Little has consistently produced high-quality, intellectually-stimulating, and thought-provoking books and articles. Historical Archaeology: Why the Past Matters is no exception. The text is thoroughly engaging. Her use of anecdotes and humor draws the reader into the dialogue in a compelling way. Each chapter begins with an interesting quote -- such as William Faulkner's "The past is never dead. It's not even past" (p. 53) -- which stimulates and orients the reader by crystalizing the theme of the text to come. The presentation of the book is relatively free of jargon and her comparative illustrations make the text especially accessible. In addition, her selected examples are ones to which her audience can easily relate. [Read or download this full review here in Adobe .pdf format >>>].

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Book Review

Miles book cover

Tiya Miles, Ties That Bind: The Story of an Afro-Cherokee Family in Slavery and Freedom. Berkeley: University of California Press, 2006, 326 pp., 3 figs., index, $39.95 hardback, ISBN 978-0-520-24132-9, $23.95 paperback, ISBN 978-0-520-25002-4.

Reviewed for the African Diaspora Archaeology Newsletter by Jessica Zimmer, Department of Anthropology, University of Florida.

Tiya Miles' book, Ties that Bind: The Story of an Afro-Cherokee Family in Slavery and Freedom, is the story of a family and the societies which try to tear it apart. Miles chronicles the lives of a Cherokee man, Shoe Boots; an African woman, Doll; and their children, Elizabeth, John, Polly, William and Lewis Shoeboots; in late 18th and early 19th century Georgia and Oklahoma. The Shoeboots' efforts to remain a family were challenged, sometimes for years, by White and Cherokee groups that possessed political power. Through Miles' detailed notes, each member of the family becomes a mirror for thousands of other Americans in similar situations.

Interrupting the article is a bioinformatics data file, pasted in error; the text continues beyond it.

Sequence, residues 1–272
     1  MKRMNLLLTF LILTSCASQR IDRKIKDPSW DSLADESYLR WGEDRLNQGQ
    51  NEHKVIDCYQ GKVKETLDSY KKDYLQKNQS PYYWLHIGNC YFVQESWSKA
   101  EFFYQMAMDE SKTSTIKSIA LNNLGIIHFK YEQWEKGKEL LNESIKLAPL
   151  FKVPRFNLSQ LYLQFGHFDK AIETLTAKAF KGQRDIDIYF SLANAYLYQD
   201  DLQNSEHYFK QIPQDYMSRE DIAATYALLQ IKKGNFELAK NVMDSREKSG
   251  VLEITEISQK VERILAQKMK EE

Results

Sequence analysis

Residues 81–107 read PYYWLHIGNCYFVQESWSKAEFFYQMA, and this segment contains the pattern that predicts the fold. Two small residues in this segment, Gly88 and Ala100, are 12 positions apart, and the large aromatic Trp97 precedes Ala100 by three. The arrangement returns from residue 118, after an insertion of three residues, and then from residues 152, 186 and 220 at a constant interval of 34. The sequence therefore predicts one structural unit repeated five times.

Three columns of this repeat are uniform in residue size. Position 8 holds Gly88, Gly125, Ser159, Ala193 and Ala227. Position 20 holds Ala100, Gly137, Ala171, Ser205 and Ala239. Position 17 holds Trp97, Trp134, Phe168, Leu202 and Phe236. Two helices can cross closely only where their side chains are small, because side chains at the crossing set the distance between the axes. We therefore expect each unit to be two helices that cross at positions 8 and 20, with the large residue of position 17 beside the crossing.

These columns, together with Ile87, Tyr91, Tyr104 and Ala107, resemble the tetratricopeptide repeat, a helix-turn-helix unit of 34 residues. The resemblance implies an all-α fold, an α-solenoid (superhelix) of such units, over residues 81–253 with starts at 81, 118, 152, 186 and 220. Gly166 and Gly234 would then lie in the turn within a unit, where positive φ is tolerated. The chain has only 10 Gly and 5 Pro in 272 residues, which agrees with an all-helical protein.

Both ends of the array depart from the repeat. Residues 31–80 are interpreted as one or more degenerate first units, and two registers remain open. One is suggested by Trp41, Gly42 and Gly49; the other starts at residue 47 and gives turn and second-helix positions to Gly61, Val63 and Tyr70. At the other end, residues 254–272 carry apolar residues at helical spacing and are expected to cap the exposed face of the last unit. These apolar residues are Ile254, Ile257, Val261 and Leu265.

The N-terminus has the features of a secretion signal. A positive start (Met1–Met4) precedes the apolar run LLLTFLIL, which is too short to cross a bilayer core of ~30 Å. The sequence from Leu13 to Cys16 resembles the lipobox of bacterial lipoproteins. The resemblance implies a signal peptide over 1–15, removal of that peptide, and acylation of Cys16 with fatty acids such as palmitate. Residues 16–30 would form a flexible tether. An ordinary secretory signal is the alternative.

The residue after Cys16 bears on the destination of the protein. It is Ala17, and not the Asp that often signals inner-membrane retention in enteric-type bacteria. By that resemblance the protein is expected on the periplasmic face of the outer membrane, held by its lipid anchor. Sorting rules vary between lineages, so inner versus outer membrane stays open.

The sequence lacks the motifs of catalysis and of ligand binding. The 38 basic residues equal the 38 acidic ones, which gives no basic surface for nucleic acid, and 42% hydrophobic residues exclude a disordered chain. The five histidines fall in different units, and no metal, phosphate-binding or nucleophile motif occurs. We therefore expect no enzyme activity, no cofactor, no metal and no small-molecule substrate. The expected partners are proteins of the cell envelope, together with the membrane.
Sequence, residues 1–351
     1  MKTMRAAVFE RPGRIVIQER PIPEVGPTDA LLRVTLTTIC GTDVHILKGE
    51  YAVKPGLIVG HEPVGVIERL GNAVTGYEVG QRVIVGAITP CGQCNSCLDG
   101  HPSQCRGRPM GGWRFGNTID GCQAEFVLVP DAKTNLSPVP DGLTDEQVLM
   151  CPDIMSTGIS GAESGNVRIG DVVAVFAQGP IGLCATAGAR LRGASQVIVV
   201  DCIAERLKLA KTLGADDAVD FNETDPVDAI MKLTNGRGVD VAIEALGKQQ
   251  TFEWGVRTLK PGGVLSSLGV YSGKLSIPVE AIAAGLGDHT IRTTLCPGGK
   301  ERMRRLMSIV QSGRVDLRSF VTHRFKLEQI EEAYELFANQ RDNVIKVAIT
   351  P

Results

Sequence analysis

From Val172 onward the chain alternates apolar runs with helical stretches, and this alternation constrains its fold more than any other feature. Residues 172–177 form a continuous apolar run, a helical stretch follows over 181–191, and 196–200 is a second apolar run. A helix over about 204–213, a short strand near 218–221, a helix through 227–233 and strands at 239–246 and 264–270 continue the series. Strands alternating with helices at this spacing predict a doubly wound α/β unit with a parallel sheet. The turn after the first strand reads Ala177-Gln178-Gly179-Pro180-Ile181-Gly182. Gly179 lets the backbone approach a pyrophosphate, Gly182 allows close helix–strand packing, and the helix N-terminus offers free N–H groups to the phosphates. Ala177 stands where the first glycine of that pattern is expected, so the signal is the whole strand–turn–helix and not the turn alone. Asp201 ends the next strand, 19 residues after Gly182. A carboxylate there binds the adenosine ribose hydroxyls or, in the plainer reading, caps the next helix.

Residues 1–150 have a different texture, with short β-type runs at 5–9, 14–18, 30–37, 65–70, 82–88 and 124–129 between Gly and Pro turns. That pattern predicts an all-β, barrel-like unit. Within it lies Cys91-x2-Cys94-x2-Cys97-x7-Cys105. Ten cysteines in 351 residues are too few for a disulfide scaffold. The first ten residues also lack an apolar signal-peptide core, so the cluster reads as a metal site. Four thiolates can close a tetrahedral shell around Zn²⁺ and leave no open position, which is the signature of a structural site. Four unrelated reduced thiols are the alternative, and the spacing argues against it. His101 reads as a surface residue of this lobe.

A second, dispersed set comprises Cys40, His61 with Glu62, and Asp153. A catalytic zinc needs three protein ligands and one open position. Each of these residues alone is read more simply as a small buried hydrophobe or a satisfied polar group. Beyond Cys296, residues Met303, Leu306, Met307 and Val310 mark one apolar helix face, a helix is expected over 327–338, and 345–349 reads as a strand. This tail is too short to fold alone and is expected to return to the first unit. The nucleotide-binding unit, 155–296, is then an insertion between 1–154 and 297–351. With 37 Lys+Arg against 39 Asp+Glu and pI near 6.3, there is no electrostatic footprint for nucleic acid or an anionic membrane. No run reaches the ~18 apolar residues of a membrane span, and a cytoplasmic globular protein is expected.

Miles tells her narrative to create a larger discussion about interactions between Blacks and Native Americans in late colonial and early republican America. Her multi-faceted, extensive approach touches on legal rights, ethnicity, kinship, and the idea of home. Miles focuses on the members of the Shoeboots family that she thinks tell the most relevant stories: Doll and her children. In the early 19th century, Doll and her children resided among Cherokee people in north Georgia in the territory of the Cherokee Nation. At the end of the 1830s, Doll and her daughters lived among African-American slaves in Georgia. After Cherokee removal, Doll and several of her children lived on homesteads in the Cherokee Nation West in Oklahoma. Miles says that slavery, emancipation, forced immigration, and marriage were the experiences that defined the identies of Doll and her children. [Read or download this full review here in Adobe .pdf format >>>].